|Address:||205 20th Street|
|Constructed:||1967 - 1969|
The construction of the Western Manitoba Centennial Auditorium was initially brought up on February 15th, 1953 during a city council meeting. It was anticipated that the auditorium would be completed for the city’s 75th anniversary in 1957. Despite the initial intent, the plans for the auditorium were put on hold. The project received a green light from Manitoba Premier Duff Roblin in 1962. Funding for the building occurred in 1964 when the Manitoba Centennial Corporation announced a $300 000 grant for the project. The overall cost for the building was estimated as $450 000. It was decided that the auditorium would be constructed at Princess Avenue and 20th Street making it the most northwest building of the Brandon University campus. It’s position on the campus was decided so that it would be in close proximity to the University’s school of music.
Architectural firm Ward MacDonald began design work for the building and eventually construction for the Auditorium began in 1967 and took a total of 3 years. The building was finally completed in 1969.The concrete building resembles a Mayan temple in its' form,which angled walls. The main central entrance welcomes concert goers and beckons them into the gracious lobby space. .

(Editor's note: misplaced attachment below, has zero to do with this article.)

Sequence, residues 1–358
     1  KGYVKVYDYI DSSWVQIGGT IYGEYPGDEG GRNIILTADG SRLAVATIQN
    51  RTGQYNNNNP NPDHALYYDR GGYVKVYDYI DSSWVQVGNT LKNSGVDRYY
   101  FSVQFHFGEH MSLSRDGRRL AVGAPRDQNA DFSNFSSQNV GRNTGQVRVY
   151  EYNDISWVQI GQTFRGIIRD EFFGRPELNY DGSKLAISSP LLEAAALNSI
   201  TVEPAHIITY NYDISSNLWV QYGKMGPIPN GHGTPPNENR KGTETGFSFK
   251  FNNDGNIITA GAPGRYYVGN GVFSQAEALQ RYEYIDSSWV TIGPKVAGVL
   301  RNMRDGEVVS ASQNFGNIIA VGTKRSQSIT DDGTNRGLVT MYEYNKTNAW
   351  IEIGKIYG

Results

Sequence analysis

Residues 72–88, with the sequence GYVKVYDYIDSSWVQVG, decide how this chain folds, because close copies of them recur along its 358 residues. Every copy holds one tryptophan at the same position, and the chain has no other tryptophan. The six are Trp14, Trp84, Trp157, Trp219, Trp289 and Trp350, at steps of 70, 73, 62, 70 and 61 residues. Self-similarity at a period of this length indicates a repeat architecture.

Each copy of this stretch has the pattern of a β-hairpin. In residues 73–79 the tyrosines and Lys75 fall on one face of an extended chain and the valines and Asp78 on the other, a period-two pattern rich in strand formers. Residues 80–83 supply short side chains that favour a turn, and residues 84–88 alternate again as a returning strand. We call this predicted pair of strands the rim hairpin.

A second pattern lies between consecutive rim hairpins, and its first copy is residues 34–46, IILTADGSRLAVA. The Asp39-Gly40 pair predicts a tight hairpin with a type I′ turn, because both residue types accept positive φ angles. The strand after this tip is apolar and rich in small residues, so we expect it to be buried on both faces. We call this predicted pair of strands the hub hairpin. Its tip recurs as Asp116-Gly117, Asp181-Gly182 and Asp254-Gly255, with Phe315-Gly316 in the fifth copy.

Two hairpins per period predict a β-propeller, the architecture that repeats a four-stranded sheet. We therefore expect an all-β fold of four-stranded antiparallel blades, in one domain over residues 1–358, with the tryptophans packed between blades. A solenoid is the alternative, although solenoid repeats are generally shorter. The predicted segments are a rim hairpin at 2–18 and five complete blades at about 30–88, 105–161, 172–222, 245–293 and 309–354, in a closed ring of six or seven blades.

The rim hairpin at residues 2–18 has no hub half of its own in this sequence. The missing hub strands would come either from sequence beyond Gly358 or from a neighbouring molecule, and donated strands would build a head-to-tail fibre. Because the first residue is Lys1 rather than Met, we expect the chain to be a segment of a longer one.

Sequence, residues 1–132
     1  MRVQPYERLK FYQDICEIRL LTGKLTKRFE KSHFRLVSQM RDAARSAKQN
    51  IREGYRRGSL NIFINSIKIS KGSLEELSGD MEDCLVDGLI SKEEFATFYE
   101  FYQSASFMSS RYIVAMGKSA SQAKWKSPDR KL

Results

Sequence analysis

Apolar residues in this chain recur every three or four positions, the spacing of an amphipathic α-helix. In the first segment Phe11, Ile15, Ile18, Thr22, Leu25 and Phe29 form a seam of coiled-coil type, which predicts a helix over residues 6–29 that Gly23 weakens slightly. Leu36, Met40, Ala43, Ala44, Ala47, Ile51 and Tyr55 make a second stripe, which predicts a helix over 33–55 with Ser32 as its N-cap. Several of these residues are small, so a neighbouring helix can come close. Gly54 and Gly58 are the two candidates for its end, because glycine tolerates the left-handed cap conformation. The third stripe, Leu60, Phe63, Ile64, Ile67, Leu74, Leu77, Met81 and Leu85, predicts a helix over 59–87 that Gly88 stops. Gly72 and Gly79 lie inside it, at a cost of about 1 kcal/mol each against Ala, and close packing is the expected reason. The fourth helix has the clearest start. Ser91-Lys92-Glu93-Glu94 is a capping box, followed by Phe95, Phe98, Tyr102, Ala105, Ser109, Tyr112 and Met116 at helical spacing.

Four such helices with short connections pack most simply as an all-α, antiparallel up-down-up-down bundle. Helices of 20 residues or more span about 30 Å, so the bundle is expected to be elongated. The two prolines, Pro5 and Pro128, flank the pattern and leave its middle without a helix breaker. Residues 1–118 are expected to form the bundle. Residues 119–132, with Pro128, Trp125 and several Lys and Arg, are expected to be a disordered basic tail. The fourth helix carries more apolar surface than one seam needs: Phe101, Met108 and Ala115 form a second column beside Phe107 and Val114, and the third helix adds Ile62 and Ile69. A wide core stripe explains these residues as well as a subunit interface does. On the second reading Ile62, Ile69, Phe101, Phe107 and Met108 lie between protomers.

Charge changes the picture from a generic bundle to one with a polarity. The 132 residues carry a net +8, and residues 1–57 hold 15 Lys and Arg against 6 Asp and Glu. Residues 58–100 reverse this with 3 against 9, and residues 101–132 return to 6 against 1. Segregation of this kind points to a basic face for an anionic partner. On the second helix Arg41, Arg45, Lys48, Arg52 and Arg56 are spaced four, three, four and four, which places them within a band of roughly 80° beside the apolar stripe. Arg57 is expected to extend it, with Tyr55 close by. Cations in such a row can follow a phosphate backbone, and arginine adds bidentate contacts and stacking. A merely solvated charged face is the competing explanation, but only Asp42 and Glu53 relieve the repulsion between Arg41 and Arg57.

The building had its ribbon cutting ceremony on October 4th and the Royal Winnipeg Ballet was the first to perform on the stage. Princess Alexandra placed the cornerstone of the building.
The brass doorknobs with Canada’s Centennial symbol open up to a vestibule with a box office. The lobby opens up to a pebbled limestone interior which branches off into two carpeted ramps leading to the portals. Two elegant wooden stairways lead patrons from the lobby to the seats higher up in the sloped seating area. The lobby also features four long crystal chandeliers. The back of the house holds a technician’s booth for lighting and sound. The house is built to hold up to 850 patrons. Towards the stage there is an orchestra pit which connects to an ensemble rehearsal room for performers to warm up and prepare for the performance. The building is connected to Brandon University’s Queen Elizabeth II Music Building through a tunnel. This allows performers to easily access the University’s instruments and practice space without having to go outside during the cold winters. Back stage there are several dressing rooms for performers as well as a green room decorated with two of the same crystal chandeliers from the lobby.
In 1963 the provincial government of Manitoba began the planning for Manitoba’s 100th Anniversary in 1970. This began the Manitoba Centennial Corporation who were responsible for the multiple architectural projects throughout the province. These projects included the Centennial Centre in Winnipeg, a pavilion in the International Peace Gardens, as well as this Brandon building.
The building is a multi-purpose auditorium for the city and those who wish to rent the facility, but as the university gave up the land for the construction of the auditorium, they are allowed use of
the facility. This space provides the city with a concert hall, banquet space, as well as a venue for social events.